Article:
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Unmarked Cemeteries and Gravesites in ROW Projects

October 19, 2016

Of honour'd bones indeed. What should be said?

All’s Well That Ends Well (2.3.1042).

Valar morghulis. Valar dohaeris.

A Song of Ice and Fire, Book 3, Chapter 74, Arya XIII.

Despite the best-laid plans of right-of-way professionals, previously forgotten cemeteries or graveyards are sometimes discovered during the course of right-of-way projects. The words “cemetery” and “graveyard” bring with them images of ordered rows of graves with headstones or markers. There is no guarantee of such organization depending on the particular remains. They could be Native American graves or remains from the Civil War. It could be a potter’s field or a forgotten family plot. The landowner may have no idea that the remains even exist. They could be scattered over any area in no discernible order. There may be no information for next of kin. Regardless, when the remains are discovered in the course of construction, intense time pressure from the construction schedule tends to turn what could be an interesting mystery into a complicated problem. Despite any such time pressure, when dealing with human remains, extremely careful attention to the applicable law is warranted lest criminal penalties result or the court or the public suspect any skullduggery.[1]

Any improper interaction with human remains is likely to be a crime. For example, under Va. Code § 18.2-126, “Violation of sepulture; defilement of a dead human body; penalties,” if one “unlawfully disinters or displaces a dead human body, or any part of a dead human body which has been deposited in any vault, grave or other burial place, he is guilty of a Class 4 felony,” and if one “willfully and intentionally physically defiles a dead human body he is guilty of a Class 6 felony. For the purposes of this section, the term ‘defile’ shall not include … any other lawful purpose.” Va. Code § 18.2-126. Note that this applies to all human burials, even prehistoric burials. The prudent approach is to presume that any movement of human remains is unlawful, unless the intended course of action with regard to the remains is specifically authorized by law.

The first thing to do upon discovery of any human remains is generally to stop any conduct which would disturb the remains, leave the remains in place, and report the find to the local or state police, and, in Virginia, the Virginia Department of Historic Resources (“DHR”).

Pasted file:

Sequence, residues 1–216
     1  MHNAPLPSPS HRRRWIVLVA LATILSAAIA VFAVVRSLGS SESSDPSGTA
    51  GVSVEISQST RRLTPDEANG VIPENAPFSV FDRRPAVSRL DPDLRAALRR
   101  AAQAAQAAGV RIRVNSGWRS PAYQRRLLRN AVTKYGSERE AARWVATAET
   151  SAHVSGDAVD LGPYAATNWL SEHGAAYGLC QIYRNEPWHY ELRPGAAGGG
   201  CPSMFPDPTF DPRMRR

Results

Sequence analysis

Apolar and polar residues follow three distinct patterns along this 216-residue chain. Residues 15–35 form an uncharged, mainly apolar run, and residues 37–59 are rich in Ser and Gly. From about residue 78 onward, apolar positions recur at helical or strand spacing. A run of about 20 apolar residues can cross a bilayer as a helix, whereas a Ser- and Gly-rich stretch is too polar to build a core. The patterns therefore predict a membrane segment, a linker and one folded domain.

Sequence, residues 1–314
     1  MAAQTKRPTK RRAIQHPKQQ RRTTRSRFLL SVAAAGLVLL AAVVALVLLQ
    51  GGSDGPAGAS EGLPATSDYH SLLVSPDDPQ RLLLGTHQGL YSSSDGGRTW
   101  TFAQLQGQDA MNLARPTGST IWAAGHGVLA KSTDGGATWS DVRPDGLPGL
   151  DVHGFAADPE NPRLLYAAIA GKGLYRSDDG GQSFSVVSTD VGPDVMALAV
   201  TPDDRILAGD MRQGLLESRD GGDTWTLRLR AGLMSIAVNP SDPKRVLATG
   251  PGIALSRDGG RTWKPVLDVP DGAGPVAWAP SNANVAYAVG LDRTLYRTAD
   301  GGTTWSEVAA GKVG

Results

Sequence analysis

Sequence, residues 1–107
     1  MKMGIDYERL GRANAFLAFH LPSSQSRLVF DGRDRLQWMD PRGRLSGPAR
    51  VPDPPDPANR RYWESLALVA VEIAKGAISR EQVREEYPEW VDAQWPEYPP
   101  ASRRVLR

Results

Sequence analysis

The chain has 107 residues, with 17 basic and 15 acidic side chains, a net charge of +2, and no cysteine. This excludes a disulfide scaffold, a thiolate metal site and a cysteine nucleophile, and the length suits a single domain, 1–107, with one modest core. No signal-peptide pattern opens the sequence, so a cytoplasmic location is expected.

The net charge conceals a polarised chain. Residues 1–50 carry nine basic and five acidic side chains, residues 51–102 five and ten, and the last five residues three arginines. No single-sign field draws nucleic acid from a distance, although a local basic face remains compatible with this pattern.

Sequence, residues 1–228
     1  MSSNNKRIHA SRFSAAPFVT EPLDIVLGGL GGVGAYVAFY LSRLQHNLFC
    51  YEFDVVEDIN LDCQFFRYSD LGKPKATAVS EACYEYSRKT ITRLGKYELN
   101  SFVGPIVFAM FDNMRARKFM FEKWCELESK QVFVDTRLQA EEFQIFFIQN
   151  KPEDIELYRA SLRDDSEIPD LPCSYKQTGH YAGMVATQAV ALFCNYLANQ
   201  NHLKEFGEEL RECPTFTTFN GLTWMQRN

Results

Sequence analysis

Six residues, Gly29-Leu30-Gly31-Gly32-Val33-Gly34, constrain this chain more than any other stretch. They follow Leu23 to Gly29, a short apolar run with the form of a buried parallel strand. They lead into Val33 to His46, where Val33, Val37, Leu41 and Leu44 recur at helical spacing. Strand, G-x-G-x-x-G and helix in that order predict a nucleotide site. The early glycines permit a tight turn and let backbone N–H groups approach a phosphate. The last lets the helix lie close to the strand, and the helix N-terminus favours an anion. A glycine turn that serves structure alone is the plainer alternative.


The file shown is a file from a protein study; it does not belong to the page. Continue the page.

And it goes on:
If law enforcement determines that criminal conduct is not involved, one should consider with the assistance of experienced counsel i) one’s legal authority to interact with the remains, if any, ii) what governmental approvals, permits, or court orders will be required, and iii) the identity of any interested parties whose agreement is necessary or preferred, such as the next of kin and potentially the owners of the land in which the remains are interred. Relocation of an unmarked cemetery or gravesite will involve the Department of Historic Resources, a licensed funeral home, and often one or more archaeologists, in addition to your own personnel and counsel.  

If DHR determines that the site has historic significance, the remains will need to be disinterred by licensed archaeologists. Having archaeologists perform the disinterment will require a DHR permit. You may still want to consider having archaeologists do the disinterment even if DHR determines that the site does not have historic significance, particularly if the remains are not in caskets or other containers. Depending on various factors including age, soil type, and the material of the original container, remains may have been shattered or the containers may have decayed to nothing. Some funeral homes may only be familiar with dealing with vaults and caskets, and archaeologists may be better suited to dealing with certain remains. DHR will likely still require a permit for archaeologists to perform the disinterment work even if the remains do not have historic significance.

The specific course for resolution of any cemetery relocation is fact specific, depending on the age, type, condition, and location of the remains, and the particular project and project entity. However, regardless of the project or the particulars of the remains, compassion and respect are the by-words in this area. Whether the interred was a known person with loved ones that you will have to interact with, or someone so long dead that everyone they knew or were related to has long since turned to dust, the perceived obstacle to your project was someone’s loved one once. Treat them as you would want your loved ones treated, and not just because of the legal requirements.

Pender & Coward attorney Ross Greene assists clients with a wide range of eminent domain and right of way matters.  Please contact Ross with questions at (757) 502-7333 or rgreene@pendercoward.com.                     

[1] The word “skullduggery” was first documented in the mid-19th century spelled as “scull-duggery,” and although its complete etymology is unclear, etymologists do not generally believe it has anything to do with skulls. At least according to Webster’s Dictionary, it is possibly derived from the Scottish “sculduddery,” a term once used to refer to gross or lewd conduct.

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